If every state separated COVID deaths from people who died with COVID but not of COVID – we would be looking at vastly different numbers nationwide.
— Alex Berenson (@AlexBerenson) May 15, 2020
During a press conference at the state Capitol on Friday, Gov. Jared Polis sought to quell the notion that his health department might be inflating the number of COVID-19 deaths.
The Montezuma County Coroner George Deavers has told 9News that the Colorado Department of Public Health and Environment changed the cause of death on a May 4 certificate to COVID-19 when the man died of alcohol poisoning. The man had COVID-19, Deavers told 9News, but didn’t die from it.
Polis acknowledged the incident and at least one other incident where a death certificate was inaccurately changed to include a cause of death of COVID-19. Polis said no one behind a desk should be “second-guessing” the findings of a coroner.
“They need to report to the people of Colorado how many people died of COVID-19,” Polis said. “People are not very interested in, nor should they be, how many people died with COVID-19.”
On Thursday, state Rep. Mark Baisley, a Republican from Roxborough Park, requested an investigation and criminal charges against Jill Hunsaker Ryan, director of the Colorado Department of Public Health and Environment, for allegedly falsifying death certificates to inflate COVID-19 deaths. Baisley brought the request to George Brauchler, the Republican district attorney for the 18th Judicial District.
Responding to a question about an inquiry to bring criminal charges against Hunsaker Ryan, Polis said criminal charges would be “completely inappropriate.”
Health officials hosted a call with reporters Friday afternoon to answer questions about the COVID-19 death data. As The Colorado Sun reported: “… officials with the Colorado Department of Public Health and Environment revealed during a call with reporters that that number does not represent the number of people who have died due to COVID-19, the disease caused by the coronavirus.The death figure CDPHE has been providing for weeks is more accurately described as the number of people with COVID-19 who have died — for any reason.”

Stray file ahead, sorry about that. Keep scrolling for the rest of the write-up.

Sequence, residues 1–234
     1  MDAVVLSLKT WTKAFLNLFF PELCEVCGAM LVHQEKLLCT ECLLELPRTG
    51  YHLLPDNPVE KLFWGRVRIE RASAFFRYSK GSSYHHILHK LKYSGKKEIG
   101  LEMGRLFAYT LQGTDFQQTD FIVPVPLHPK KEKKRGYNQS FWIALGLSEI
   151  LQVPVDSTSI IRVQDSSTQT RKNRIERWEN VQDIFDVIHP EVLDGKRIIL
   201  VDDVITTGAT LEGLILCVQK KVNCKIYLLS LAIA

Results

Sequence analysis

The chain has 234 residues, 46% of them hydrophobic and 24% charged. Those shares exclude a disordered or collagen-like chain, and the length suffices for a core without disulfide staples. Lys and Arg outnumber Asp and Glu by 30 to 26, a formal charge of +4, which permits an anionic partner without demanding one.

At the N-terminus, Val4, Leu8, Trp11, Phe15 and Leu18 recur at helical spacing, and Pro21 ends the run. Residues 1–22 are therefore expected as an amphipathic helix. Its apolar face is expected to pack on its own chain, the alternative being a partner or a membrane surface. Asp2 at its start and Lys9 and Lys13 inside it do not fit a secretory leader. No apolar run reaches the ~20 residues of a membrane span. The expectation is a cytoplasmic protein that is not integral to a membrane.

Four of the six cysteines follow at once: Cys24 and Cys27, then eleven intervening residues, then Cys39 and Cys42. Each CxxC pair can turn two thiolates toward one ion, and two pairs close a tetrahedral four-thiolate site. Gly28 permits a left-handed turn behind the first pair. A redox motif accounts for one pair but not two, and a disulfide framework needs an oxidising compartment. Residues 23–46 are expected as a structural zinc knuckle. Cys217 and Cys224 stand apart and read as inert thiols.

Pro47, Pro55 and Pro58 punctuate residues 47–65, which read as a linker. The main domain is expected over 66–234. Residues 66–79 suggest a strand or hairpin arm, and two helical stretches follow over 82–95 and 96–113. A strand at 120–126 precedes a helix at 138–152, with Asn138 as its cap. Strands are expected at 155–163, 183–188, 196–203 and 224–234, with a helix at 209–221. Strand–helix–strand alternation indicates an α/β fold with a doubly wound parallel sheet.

Though data is still lagging, the clarification lowers the state’s official death toll from 1,150 as of Thursday to 878 as of May 9.
Separately, a parolee has been accused of murdering a 21-year-old woman last weekend after his early release from prison on April 15 as part of the Department of Corrections pandemic response. The man has been eligible for parole since 2017 was set for mandatory release in August.
Polis signed an executive order in March giving the Department of Corrections more power to release inmates earlier to intensive supervision and special needs parole. Polis responded to the allegations by saying, “Nobody should be released simply because of COVID-19. … No prisoner who is a danger to society should be released early in any situation and of course nobody on that parole board thought that this person was going to do what they allegedly did.”
“I’m glad they didn’t release him in 2017 when he first came up for parole,” he added.
There were about 200 homicides in Colorado last year, according to data from the Division of Criminal Justice.
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